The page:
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4.5. Routes tags

Using tags on your published routes gives other users of the app an easy way to find them.  It is also an alternative way to search for routes other than by name or location.  Using tags is flexible and allows routes can be grouped under the same tag.

For example:  A mountain bike magazine may use the tag #mbuk and #mbuk324 so a user could search for #mbuk and see all routes for the magazine or #mbuk324 just see the routes for issue 324.

In the above example, the user would need to know what tag to search for but in a less formal example you could add the tags #norfolk, #beach and #norfolkbeach to your route to indicate that there is a beach nearby to the route and its in Norfolk- this is a bit more of a generic route search and may return a few routes.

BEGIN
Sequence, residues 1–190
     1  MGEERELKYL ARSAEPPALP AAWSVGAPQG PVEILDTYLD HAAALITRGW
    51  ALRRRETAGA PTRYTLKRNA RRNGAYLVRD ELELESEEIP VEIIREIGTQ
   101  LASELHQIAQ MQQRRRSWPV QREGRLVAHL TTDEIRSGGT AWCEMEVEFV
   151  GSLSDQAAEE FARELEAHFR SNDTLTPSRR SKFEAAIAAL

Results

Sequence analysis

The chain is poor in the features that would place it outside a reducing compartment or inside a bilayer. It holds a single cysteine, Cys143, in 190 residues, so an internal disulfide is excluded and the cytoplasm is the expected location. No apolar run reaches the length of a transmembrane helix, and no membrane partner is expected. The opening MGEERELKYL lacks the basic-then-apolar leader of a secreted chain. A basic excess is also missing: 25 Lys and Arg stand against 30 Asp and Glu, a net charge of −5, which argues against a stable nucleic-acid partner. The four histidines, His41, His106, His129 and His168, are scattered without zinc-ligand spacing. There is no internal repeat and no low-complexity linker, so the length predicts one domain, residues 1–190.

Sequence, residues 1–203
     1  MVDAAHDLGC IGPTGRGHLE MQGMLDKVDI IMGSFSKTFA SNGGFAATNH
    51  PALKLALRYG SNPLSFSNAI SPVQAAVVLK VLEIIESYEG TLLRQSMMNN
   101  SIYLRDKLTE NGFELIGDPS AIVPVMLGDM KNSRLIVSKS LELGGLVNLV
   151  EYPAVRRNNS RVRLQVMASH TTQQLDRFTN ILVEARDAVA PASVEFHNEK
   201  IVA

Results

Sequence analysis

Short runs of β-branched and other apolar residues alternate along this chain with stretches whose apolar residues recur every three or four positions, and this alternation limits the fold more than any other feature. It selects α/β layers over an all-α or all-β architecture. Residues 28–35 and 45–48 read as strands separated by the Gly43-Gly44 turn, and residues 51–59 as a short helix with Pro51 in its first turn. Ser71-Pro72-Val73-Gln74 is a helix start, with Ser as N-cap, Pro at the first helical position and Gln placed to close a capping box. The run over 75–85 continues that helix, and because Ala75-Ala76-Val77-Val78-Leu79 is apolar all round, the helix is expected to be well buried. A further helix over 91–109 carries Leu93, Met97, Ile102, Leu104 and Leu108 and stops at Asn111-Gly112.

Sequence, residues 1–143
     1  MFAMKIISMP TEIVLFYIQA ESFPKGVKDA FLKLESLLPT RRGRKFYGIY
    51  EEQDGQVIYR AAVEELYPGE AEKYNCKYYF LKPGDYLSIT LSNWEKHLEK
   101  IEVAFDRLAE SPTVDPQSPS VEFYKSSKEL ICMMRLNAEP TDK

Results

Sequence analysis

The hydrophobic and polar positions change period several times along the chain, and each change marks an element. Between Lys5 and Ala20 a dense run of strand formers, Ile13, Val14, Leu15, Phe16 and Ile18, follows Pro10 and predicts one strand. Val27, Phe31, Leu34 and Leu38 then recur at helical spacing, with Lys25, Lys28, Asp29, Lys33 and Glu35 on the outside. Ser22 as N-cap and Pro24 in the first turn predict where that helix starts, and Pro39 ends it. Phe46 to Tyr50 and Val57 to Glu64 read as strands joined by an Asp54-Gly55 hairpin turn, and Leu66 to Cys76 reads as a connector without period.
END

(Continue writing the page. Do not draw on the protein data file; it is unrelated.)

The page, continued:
Tags should be specific - a tag like #walk is not good as it may return too many routes in the list.

How it works

Edit the route on the website.

Edit the route on our website.  If you created the route in the app use Cog menu tab, Sycronize content to upload it to the website.

Route Information

Route Information

In the toolbar press Route Information.

Tags field

Separate tags with a comma and lead with a #

In the tags field type in the tags separated by a comma.  We recommend the use of a # symbol before the tag.  You can have as many tags as you wish.  It is not case sensitive.  Press Save button when done.

Usage in the app

Search for routes

Now users can search for your published routes in the app using the tag.

Embed a collection of tags routes into your website

At the my.viewranger.com website Search for routes with your tag.  At the foot of the page is the widget code you can copy embed into the body section of the HTML on your web site.

Knowledge Tags
Routes  / 

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